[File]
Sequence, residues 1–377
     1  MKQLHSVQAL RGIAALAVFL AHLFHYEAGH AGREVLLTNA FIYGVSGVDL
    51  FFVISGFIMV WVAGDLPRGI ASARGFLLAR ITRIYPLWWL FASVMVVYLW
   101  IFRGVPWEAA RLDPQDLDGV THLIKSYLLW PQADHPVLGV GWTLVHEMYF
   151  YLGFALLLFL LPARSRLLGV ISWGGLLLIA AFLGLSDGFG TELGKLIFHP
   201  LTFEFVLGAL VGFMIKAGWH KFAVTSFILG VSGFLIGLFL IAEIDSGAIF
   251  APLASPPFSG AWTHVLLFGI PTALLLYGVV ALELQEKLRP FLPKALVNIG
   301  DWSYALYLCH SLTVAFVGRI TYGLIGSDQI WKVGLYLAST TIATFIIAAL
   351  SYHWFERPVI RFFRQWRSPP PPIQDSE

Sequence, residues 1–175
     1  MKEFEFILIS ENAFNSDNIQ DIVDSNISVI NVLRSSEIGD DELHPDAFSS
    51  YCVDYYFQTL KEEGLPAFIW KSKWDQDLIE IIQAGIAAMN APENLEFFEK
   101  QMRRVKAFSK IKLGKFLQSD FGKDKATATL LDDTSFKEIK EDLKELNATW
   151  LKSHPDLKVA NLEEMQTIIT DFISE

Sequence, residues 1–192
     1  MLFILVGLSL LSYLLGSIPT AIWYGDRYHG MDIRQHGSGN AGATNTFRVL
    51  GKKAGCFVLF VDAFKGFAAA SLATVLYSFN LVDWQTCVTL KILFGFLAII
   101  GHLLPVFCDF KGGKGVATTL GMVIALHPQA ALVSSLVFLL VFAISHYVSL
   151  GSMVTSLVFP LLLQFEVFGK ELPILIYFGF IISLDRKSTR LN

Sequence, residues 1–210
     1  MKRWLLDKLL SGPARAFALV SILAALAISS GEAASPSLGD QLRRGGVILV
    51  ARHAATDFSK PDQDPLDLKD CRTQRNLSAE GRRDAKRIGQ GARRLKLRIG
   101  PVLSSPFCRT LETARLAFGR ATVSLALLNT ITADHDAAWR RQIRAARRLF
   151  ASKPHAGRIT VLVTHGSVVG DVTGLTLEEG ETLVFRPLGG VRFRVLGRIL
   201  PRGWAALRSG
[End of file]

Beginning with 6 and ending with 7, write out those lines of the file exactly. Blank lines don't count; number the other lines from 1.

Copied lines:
   201  LTFEFVLGAL VGFMIKAGWH KFAVTSFILG VSGFLIGLFL IAEIDSGAIF
   251  APLASPPFSG AWTHVLLFGI PTALLLYGVV ALELQEKLRP FLPKALVNIG